Wilder's many years in Hollywood produced an amazing string of hits. From sarcastic and cynical social commentary to outrageous sex farce, Wilder pushed his audiences to look at their own values and morals. He was an outsider who wasn't afraid to point out the follies of his fellow man or the worst aspects of American culture. He will be sorely missed.

By Jeremy Geltzer

TCM Remembers - Dudley Moore

DUDLEY MOORE, 1935-2002 Award-winning actor, comedian and musician Dudley Moore died on March 27th at the age of 66. Moore first gained notice in his native England for ground-breaking stage and TV comedy before later building a Hollywood career. Like many of his peers, he had an amiable, open appeal that was balanced against a sharply satiric edge. Moore could play the confused innocent as well as the crafty schemer and tended to command attention wherever he appeared. Among his four marriages were two actresses: Tuesday Weld and Suzy Kendall. Moore was born April 19, 1935 in London. As a child, he had a club foot later corrected by years of surgery that often left him recuperating in the hospital alongside critically wounded soldiers. Moore attended Oxford where he earned a degree in musical composition and met future collaborators Peter Cook, Jonathan Miller and Alan Bennett. The four formed the landmark comedy ensemble Beyond the Fringe. Though often merely labelled as a precursor to Monty Python's Flying Circus, Beyond the Fringe was instrumental in the marriage of the piercing, highly educated sense of humor cultivated by Oxbridge graduates to the modern mass media. In this case it was the revue stage and television where Beyond the Fringe first assaulted the astonished minds of Britons. Moore supplied the music and such songs as "The Sadder and Wiser Beaver," "Man Bites God" and "One Leg Too Few." (You can pick up a CD set with much of the stage show. Unfortunately for future historians the BBC commonly erased tapes at this period - why? - so many of the TV episodes are apparently gone forever.) Moore's first feature film was the 1966 farce The Wrong Box (a Robert Louis Stevenson adaptation) but it was his collaboration with Peter Cook on Bedazzled (1967) that's endured. Unlike its tepid 2000 remake, the original Bedazzled is a wolverine-tough satire of mid-60s culture that hasn't aged a bit: viewers are still as likely to be appalled and entertained at the same time. Moore not only co-wrote the story with Cook but composed the score. Moore appeared in a few more films until starring in 10 (1979). Written and directed by Blake Edwards, this amiable comedy featured Moore (a last-minute replacement for George Segal) caught in a middle-aged crisis and proved popular with both audiences and critics. Moore's career took another turn when his role as a wealthy alcoholic who falls for the proverbial shop girl in Arthur (1981) snagged him an Oscar nomination as Best Actor and a Golden Globe win. However Moore was never able to build on these successes. He starred in a passable remake of Preston Sturges' Unfaithfully Yours (1984), did another Blake Edwards romantic comedy of moderate interest called Micki + Maude (1984, also a Golden Globe winner for Moore), a misfired sequel to Arthur in 1988 and a few other little-seen films. The highlight of this period must certainly be the 1991 series Orchestra where Moore spars with the wonderfully crusty conductor Georg Solti and leads an orchestra of students in what's certainly some of the most delightful television ever made. By Lang Thompson A FOND FAREWELL TO ONE OF HOLLYWOOD'S MOST GIFTED DIRECTORS - BILLY WILDER, 11906-2002 Billy Wilder had the most deliciously dirty mind in Hollywood. The director dug into racy, controversial subjects with cynical wit and rare candor; he set new standards for film noir, sex comedies and the buddy film and his movies continue to inspire new generations of filmmakers. Cameron Crowe, screenwriter and director of contemporary hit films such as Jerry Maguire(1996), was one of those moved by Wilder's film sense. The struggling filmmaker struck up a friendship with the 93-year old veteran and found a friend and a mentor. Their conversations were recently chronicled in a book by Cameron Crowe entitled Conversations with Wilder(published by Knoft). Billy Wilder might have been born in Vienna, but American culture influenced him from the earliest days. Given the name Samuel, Wilder's mother called her son 'Billy' in honor of Buffalo Bill Cody. The name stuck. Billy was as restless as his namesake and left law school to become a journalist. While grinding out articles for a Berlin newspaper, Wilder joined with future film directors Fred Zinnemann, Robert Sidomak and Edgar G. Ulmer to make a short film, Menschen Am Sonntag (1929). By the mid-1930s, he had written seven scenarios and even tried his hand at directing. After Hitler's rise to power in 1934, Wilder fled his homeland. Once in Hollywood, Wilder and roommate Peter Lorre had to learn English quickly if they wanted to join the American film industry. Together the German expatriates learned the language and began staking their territory in the Dream Factory. As a writer, Wilder could craft realistic relationships with sharp dialogue; he proved this in his scripts for Ninotchka (1939) with Greta Garbo and Howard Hawks' Ball of Fire(1941). As a filmmaker, Wilder was well acquainted with the shadowy, brooding style of German Expressionism. He brought these two gifts together to create a landmark film noir - DOUBLE INDEMNITY(1944). He followed this cinematic triumph with a risky project, the story of an alcoholic on a three-day binge. Not the usual subject matter for a Hollywood studio, THE LOST WEEKEND (1945) nevertheless claimed the Academy Award for Best Picture. By the end of the decade, Wilder dared even to paint a portrait of Hollywood stardom gone awry in Sunset Boulevard (1950). Each of these films is an undisputed classic today, but even at the time, his films were lauded. Six of his screenplays were nominated for Oscars between 1941-1950. Three of his eight Best Director nominations also came during this period. Billy Wilder claimed the American Dream; he was successfully playing by his own rules. By the end of the '50s, as censorship guidelines were easing, Wilder's projects became even more daring. Sex was central to Wilder's world and Hollywood celebrated his candor. He directed Marilyn Monroe in two of her most sensuous roles, The Seven Year Itch (1955) and SOME LIKE IT HOT(1959). More often than not, Wilder liked pointing his finger at the hyprocrisy of people's sexual mores. In THE APARTMENT(1960), Wilder took an incisive look at corrupt businessmen exploiting their employees for sexual favors. In IRMA LA DOUCE (1963), the world of a Parisian prostitute was lovingly painted in Technicolor tones. In Kiss Me, Stupid (1964), Wilder finally stepped over the line with the story of a struggling composer willing to offer his wife to sell a song.The film, which seems so innocent today, was scandalous in its own day. Critics called Kiss Me, Stupid pornographic smut and buried the picture. Audiences ignored it. Today, the film is a risque farce with great performances by Dean Martin and Kim Novak. The critical lambast deeply affected Wilder; this would be his last sex comedy. In 1966 Wilder brought together the dynamic combination of Jack Lemmon and Walter Matthau with THE FORTUNE COOKIE. Director and stars teamed again for The Front Page (1974), a remake of the newspaper classic; and Buddy, Buddy (1981), the story of an assassin and a sad sack ready to commit suicide. Wilder's many years in Hollywood produced an amazing string of hits. From sarcastic and cynical social commentary to outrageous sex farce, Wilder pushed his audiences to look at their own values and morals. He was an outsider who wasn't afraid to point out the follies of his fellow man or the worst aspects of American culture. He will be sorely missed. By Jeremy Geltzer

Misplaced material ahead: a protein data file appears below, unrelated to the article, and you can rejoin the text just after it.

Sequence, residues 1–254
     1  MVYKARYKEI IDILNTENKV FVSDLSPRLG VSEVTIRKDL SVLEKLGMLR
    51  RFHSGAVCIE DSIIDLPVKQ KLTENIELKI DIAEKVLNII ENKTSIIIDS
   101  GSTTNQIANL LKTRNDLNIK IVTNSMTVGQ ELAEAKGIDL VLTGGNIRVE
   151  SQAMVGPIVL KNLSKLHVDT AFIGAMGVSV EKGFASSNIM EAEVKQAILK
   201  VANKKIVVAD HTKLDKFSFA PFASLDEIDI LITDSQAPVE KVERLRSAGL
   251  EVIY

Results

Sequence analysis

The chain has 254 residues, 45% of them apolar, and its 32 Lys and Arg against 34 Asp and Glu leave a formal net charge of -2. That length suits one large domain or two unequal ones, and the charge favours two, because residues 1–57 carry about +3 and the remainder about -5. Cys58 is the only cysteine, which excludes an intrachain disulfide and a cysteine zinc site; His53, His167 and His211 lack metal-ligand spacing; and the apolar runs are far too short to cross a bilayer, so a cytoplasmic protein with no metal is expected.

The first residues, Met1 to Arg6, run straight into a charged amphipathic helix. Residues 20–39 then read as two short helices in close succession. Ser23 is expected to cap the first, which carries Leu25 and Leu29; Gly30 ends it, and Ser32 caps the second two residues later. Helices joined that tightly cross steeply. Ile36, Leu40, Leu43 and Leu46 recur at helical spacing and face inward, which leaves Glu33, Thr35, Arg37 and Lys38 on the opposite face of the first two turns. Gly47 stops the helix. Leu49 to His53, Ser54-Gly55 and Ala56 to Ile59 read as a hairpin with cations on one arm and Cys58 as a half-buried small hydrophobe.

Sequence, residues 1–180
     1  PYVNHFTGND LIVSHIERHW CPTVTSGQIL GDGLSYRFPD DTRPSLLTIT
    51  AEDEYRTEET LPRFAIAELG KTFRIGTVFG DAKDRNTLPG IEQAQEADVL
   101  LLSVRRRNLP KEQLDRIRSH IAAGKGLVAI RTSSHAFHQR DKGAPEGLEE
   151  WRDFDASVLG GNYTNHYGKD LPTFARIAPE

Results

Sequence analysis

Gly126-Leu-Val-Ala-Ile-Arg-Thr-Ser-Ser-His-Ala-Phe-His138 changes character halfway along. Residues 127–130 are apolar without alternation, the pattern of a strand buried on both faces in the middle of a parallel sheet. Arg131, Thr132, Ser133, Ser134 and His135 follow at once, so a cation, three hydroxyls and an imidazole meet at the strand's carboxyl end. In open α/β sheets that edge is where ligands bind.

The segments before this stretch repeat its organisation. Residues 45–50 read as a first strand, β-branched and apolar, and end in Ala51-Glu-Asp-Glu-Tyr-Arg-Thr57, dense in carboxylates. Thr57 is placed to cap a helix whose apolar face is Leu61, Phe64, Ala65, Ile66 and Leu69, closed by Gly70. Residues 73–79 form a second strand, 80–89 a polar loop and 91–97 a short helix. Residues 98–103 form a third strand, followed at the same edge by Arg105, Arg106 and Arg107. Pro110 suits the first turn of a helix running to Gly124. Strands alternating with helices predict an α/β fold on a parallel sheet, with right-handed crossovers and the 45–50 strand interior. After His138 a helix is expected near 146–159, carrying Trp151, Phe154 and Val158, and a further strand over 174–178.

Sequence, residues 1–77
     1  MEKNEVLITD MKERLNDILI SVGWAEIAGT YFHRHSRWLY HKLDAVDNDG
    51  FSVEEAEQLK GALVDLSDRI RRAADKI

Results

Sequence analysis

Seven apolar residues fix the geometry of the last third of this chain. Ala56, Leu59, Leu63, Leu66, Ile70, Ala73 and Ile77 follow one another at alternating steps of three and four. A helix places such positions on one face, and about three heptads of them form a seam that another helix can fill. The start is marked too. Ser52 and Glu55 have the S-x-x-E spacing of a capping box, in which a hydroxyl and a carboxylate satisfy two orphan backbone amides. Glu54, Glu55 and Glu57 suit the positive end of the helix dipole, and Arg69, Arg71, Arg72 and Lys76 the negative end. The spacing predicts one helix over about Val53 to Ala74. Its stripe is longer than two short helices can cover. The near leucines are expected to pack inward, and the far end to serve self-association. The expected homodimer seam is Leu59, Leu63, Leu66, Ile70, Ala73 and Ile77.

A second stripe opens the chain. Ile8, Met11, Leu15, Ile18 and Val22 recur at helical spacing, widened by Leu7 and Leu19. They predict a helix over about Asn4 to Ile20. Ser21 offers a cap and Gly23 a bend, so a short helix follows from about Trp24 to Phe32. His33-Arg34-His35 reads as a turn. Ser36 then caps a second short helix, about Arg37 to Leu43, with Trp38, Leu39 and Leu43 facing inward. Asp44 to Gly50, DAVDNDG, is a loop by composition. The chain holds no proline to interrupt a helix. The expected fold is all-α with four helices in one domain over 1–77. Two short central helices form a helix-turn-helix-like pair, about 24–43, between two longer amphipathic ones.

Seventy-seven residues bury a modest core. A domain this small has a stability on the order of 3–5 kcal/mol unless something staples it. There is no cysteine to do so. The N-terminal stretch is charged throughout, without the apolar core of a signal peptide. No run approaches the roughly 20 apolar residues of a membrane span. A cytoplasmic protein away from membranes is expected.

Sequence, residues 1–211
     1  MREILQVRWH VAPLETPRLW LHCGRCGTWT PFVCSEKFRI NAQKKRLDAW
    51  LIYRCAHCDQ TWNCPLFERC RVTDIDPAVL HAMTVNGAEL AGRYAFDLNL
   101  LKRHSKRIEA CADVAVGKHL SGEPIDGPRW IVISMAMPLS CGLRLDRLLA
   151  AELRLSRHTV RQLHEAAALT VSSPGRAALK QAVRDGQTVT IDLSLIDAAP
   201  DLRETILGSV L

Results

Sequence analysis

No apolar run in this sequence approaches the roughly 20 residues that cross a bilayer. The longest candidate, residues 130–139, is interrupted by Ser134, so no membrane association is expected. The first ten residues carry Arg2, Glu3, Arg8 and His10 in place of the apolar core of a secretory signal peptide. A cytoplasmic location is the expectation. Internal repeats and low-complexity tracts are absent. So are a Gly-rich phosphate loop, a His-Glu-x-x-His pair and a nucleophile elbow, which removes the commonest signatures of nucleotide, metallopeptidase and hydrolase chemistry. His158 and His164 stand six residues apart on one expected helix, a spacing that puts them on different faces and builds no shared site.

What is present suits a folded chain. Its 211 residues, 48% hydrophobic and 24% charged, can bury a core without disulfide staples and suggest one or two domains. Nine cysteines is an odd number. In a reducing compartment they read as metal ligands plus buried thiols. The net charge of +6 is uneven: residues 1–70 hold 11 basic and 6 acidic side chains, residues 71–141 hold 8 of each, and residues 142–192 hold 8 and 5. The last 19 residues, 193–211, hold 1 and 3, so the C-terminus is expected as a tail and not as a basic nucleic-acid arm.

Quotes

Do you have any binoculars?
- Gloria Mundy
What's that? Binoculars. Are you into that, too? Me, as well. I read about it in Penthouse. Just a second.
- Stanley Tibbits
Here it is, my own little beaver trap.
- Stanley Tibbits
Take me home.
- Gloria Mundy
What?
- Stanley Tibbits
Take me home, please.
- Gloria Mundy
Uh, sure. Um... my place or-or, yours?
- Stanley Tibbits
Which is closer?
- Gloria Mundy

Trivia

The name of Goldie Hawn's character, Gloria Mundy, is taken from the Latin phrase "Sic transit gloria mundi," which translates as "So passes the glory of the world."

Miscellaneous Notes

Released in United States July 1978

Released in United States Summer July 14, 1978

Released in United States July 1978

Released in United States Summer July 14, 1978